Convergence between firms and disruptors on the horizon
The legal landscape of the future could involve greater integration between traditional law firms and NewLaw start-ups, one firm COO has said.
Current analyses of the legal market often position technology-driven boutiques as potential threats to the partnership-based generalist firm – but a more viable option may be for both models to work together, Gilbert + Tobin chief operating officer Sam Nickless suggested.
In November last year, Gilbert + Tobin invested in online legal services provider LegalVision.
Mr Nickless suggested these types of overlap were likely to become more common in the legal market moving forwards.
“I think we will see more crossing of the two,” he said. “In other markets, those sort of things have already happened. We will see some coming together in law as well.”
In his view, Gilbert + Tobin’s investment has created “a bridge between two worlds” that is already paying off.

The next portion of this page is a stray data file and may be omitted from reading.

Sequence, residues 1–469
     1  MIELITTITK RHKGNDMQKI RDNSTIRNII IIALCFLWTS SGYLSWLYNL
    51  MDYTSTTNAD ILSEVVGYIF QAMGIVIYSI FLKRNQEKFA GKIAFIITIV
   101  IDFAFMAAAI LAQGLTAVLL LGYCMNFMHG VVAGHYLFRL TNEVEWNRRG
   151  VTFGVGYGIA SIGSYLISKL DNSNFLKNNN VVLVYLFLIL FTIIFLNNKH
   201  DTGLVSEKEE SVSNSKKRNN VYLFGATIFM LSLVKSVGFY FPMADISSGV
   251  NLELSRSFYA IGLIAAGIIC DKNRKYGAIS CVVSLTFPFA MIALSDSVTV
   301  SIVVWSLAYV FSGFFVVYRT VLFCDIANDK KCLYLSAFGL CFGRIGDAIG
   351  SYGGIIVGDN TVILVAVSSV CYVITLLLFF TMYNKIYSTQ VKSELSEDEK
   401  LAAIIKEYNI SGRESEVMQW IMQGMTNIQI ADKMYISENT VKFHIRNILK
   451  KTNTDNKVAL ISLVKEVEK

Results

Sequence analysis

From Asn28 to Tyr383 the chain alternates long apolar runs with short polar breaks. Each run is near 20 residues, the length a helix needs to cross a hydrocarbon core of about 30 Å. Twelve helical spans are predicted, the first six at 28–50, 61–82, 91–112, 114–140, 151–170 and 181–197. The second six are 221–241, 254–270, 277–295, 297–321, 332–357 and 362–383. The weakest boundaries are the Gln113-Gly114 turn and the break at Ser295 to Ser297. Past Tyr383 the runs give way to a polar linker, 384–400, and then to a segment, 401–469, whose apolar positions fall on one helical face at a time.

In several cases, he said the two firms have been able to offer clients a “joint proposition” that caters to the strengths of each – including a recent event where lawyers from both firms joined together to brainstorm ideas for Gilbert +Tobin's client, Westpac.
“We tend to work on bespoke legal work, work that's transactional and specialised,” he said. “LegalVision's sweet spot is things that are more standardised.
“Our big clients have some of those needs that LegalVision serves [...] But then [the clients] may come across some complex piece of regulation and we can help there.”
However, Mr Nickless believes the alliance also allows Gilbert + Tobin to gain exposure to a different part of the market.
“It's an investment and we want the investment to do well – but beyond that, it's about our firm learning from someone that is doing things differently to the way we work, with different sorts of clients,” he said.
He suggested the most successful legal disruptors were those able to “move up the value chain”.
“In most industries, it begins with a player at the lower-value end of the market bringing a lower-cost, better-quality product out of that part of the market,” he said. “Over time, those companies can move up to higher-value services.”
In his view, disruption was likely to affect all players in the legal market, in some cases “very rapidly” changing the landscape.
“If you're not thinking about what your response will be, I'd be very fearful,” he said.